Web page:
DAVAO CITY (MindaNews / 01 February) — The House Committees on Local Government, Muslim Affairs and Peace, Reconciliation and Unity will be conducting public hearings on the proposed Bangsamoro Basic Law (BBL) in 11 Mindanao areas every week from February 8 to March 9.
Committee members will be presenting to the public their proposed Bangsamoro law, consolidated from four bills filed in the House, including the draft of the Bangsamoro Transition Commission (BTC).
The House sub-committee on the BBL has adopted the title “Bangsamoro Autonomous Region” (BAR) instead of the BTC’s proposed “Bangsamoro.”
Hearings will be held in Cotabato City on February 8, in Midsayap, North Octabato on February 9 and in Davao City on February 10. The following week, the Commitee will go to Tubod, Lanao del Norte on February 15 and Marawi/Iligan on February 16.
On the third week, the venue will be in Sulu on February 22 and in Basilan on February 23.
On March 1, the hearing will be in Tawi-tawi; March 2 in Zamboanga City; March 8 in Buluan, Maguindanao and March 9 in Korondal City, South Cotabato.
The Senate Committee on Local Government, which held public hearings in Cotabato City and Marawi City on January 25 and 26, will conduct hearings in Jolo, Sulu morning of February 8 and Bongao, Tawi-tawi in the afternoon. The public hearing and consultation for Zamboanga City and Zamboanga provinces will be held in the afternoon of February 9.
The Senate Committee has set February 13 and 14 for the Technical Working Group to finalize the Committee report which should be ready for the signature of members and filing of Committee report by February 20.
The Senate has scheduled February 20 to March 19 for plenary debates, and on March 20, “Senate approval on second and third reading (if certified by the President),” the scheduled posted by the BTC said.
The House of Representatives is eyeing the passage of the BBL on March 21.
Last Monday, Deputy Speaker and Cebu Third District Rep. Gwendolyn Garcia and Lanao del Norte Rep. Mohamad Khalid Dimaporo told the bi-monthly press briefing that they see no conflict in the BBL and Charter Change efforts of the House.
A press release posted on the website of the House of Representatives quoted Garcia as saying the subcommittee on BBL created by the Committees on Local Governments; Muslim Affairs; and Peace, Reconciliation and Unity had agreed to the creation of the BAR and will refer to the mother committee the more contentious provisions such as “the scope of exclusive powers of the BAR government, the provision on inland waters, and the Bangsamoro Justice System.”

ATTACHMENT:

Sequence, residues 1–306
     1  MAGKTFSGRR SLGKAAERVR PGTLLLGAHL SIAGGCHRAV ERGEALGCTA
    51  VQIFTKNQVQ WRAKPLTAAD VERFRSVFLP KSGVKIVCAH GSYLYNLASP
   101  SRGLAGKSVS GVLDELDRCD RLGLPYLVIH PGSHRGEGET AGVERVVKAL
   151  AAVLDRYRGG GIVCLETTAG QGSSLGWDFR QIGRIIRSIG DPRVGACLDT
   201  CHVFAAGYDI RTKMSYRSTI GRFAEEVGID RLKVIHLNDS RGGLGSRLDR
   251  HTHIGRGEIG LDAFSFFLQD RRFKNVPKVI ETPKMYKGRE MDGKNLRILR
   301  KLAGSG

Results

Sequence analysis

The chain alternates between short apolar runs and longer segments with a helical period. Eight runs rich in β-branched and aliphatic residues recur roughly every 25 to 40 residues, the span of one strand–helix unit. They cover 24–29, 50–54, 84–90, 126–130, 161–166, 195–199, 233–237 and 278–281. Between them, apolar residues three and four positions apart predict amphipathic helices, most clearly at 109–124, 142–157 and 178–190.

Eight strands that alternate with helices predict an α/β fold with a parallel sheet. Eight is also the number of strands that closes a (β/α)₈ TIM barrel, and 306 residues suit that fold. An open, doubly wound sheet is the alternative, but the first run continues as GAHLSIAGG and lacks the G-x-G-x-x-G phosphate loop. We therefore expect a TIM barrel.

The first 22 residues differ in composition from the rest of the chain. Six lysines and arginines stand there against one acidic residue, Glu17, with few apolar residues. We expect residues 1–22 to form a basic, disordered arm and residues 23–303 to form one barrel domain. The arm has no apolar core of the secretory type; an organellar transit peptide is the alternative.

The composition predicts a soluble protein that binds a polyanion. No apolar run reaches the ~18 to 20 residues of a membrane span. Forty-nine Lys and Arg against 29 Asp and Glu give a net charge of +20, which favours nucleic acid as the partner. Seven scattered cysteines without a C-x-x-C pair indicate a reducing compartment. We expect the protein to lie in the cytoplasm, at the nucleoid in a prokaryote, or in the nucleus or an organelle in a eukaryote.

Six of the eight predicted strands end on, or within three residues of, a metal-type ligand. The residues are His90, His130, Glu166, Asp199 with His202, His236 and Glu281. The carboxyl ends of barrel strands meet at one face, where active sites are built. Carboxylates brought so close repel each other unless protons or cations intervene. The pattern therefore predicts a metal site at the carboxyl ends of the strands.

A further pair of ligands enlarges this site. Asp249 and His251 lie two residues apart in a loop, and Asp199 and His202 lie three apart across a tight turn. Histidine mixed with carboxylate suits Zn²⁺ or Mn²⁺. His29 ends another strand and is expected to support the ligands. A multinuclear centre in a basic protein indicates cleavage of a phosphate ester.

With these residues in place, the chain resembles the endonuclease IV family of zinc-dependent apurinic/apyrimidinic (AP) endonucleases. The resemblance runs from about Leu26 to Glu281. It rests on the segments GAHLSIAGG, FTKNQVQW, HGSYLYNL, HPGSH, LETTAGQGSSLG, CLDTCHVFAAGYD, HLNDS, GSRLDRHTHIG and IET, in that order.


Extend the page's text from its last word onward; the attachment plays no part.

She said the sub-committee agreed to get the opinion of the Armed Forces of the Philippines, the Philippine National Police and other uniformed services on the proposed law.
It will also seek inputs from the BTC “on certain provisions of the new BBL” but the press release did not say what these provisions are.
Dimaporo, author of House Bill 6263, one of the four Bangsamoro bills filed in the House, said the approval of the BBL and the shift to federalism were not inter-related.
“I don’t think they are interrelated. It doesn’t matter what comes first or what comes next. As far as Congress is concerned, this was a promise of the President to the Filipino people, to the Bangsamoro people…his promise to deliver the BBL. So therefore, Congress is working as hard as possible so that the President can deliver his promise,” he said.
The creation of the Bangsamoro, a new autonomous political entity that would replace the Autonomous Region in Muslim Mindanao (ARMM), is based on the Comprehensive Agreement on the Bangsamoro (CAB) that the Philippine government and the Moro Islamic Liberation Front (MILF) signed on March 27, 2014.
Dimaporo said provisions in the BTC draft that may face questions on constitutionality, have been identified in the subcommittee level while the constitutionally-acceptable language is embedded in Rep. Gloria Macapagal-Arroyo’s HB 6121 and in HB 092 of Maguindanao Rep. and Deputy Speaker for Mindanao Bai Sandra Sema, which Dimaporo said is the “16th Congress version.”
“So more or less, at the top of my mind, we retained mga 50 percent of the BTC version. The remaining 50 percent, it’s either we adopt the GMA version or the 16th Congress version,” Dimaporo was quoted as saying.
The “BTC version” Dimpaoro was referring to is HB 6475 filed by Speaker Pantaleon Alvarez and at least 90 other representatives.
Arroyo’s bill is actually a resurrection of the substitute bill filed by then Senator Ferdinand Marcos, in lieu of the BTC draft then. Marcos was chair of the Senate Committee on Local Government under the Aquino administration. Congress adjourned in 2016 without passing the BBl.
The “16th Congress version” Dimaporo was referring to is Sema’s HB 092 or what was HB 4994, the “agreed version” of the government and MILF after the former proposed revisions to the BTC’s draft BBL.
But HB 02 or HB 4994 was actually not the “16th Congress version” because the Ad Hoc Committee on the BBL filed HB 5811, as substitute bill. The MILF found HB 5811 and Marcos’ substitute bill as unacceptable as they envisioned a Bangsamoro “less autonomous than the ARMM.” (Carolyn O. Arguillas / MindaNews)